The research by Maric, who is internationally recognized for her work with fuel cells, thin films and nanomaterials technology, could not have come at a better time. Several major auto manufacturers are in the process of developing their own hydrogen fuel cell cars. Honda and Mercedes-Benz are already leasing them to customers in Southern California while Toyota and Hyundai plan to bring out their own models by 2015. General Motors, meanwhile, has produced a limited number of hydrogen-powered SUVs, some of which have been leased to the military.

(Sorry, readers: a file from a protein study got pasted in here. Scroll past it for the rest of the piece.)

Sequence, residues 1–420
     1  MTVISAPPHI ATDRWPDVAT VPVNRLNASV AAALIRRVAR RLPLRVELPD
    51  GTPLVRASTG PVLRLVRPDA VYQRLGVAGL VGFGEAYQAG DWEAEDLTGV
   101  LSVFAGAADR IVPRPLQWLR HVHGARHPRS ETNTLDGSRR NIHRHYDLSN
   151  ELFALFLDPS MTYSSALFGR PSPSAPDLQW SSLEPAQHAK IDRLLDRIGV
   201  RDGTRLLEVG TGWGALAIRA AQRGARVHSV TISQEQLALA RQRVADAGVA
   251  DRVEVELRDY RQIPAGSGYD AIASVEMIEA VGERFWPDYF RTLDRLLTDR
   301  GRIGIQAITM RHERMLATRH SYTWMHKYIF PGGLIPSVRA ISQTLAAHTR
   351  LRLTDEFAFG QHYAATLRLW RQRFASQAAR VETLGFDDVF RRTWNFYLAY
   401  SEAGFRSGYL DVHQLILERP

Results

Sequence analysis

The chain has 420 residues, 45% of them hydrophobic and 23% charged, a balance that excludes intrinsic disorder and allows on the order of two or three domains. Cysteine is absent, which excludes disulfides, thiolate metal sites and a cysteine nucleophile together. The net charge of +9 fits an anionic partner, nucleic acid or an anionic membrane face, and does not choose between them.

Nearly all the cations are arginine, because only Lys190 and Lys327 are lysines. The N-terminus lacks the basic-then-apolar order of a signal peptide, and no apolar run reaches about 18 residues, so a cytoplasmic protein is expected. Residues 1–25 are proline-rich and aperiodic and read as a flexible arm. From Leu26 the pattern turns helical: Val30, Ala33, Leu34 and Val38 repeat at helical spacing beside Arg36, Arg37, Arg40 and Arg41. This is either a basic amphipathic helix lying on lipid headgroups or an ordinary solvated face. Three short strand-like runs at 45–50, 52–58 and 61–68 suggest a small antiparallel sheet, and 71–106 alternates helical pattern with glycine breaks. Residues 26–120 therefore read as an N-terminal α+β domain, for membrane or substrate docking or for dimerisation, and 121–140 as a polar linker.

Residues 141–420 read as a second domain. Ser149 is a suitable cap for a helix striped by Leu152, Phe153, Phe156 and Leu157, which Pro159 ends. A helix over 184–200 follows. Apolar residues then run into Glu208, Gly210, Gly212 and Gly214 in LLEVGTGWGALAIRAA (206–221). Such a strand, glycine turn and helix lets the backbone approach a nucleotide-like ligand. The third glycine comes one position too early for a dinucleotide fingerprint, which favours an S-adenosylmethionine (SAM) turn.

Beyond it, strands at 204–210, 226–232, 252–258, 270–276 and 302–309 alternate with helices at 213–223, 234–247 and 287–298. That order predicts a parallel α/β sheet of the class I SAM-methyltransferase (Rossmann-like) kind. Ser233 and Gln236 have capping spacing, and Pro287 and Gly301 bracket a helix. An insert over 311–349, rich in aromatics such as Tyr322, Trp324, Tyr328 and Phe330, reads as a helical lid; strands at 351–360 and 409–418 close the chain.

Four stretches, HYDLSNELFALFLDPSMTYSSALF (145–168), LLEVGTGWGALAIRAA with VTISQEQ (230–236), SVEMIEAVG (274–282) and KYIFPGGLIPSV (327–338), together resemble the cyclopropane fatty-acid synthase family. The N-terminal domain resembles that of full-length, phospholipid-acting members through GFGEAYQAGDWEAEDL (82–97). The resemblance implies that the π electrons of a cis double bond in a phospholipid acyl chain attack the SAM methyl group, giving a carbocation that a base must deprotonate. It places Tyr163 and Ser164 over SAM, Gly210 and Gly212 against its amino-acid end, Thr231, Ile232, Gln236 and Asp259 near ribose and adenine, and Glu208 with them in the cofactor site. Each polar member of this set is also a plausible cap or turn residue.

Much of the interest for hydrogen fuel cell cars has been thanks to California’s clean air rules, which have forced car buyers in the state to think more seriously about investing in non-polluting vehicles.
The state’s powerful Air Resources Board issued rules in February this year which, when finally approved, will mean that by 2025 one of seven new vehicles on California roads—1.4 million altogether—must be zero-emission. By 2050, it hopes, four of five cars will be powered by batteries or hydrogen.
Car makers say they have already managed to slash the cost of building their prototype fuel cell cars. Even so, with the prices starting at around $100,000 they remain way too expensive to be commercially viable.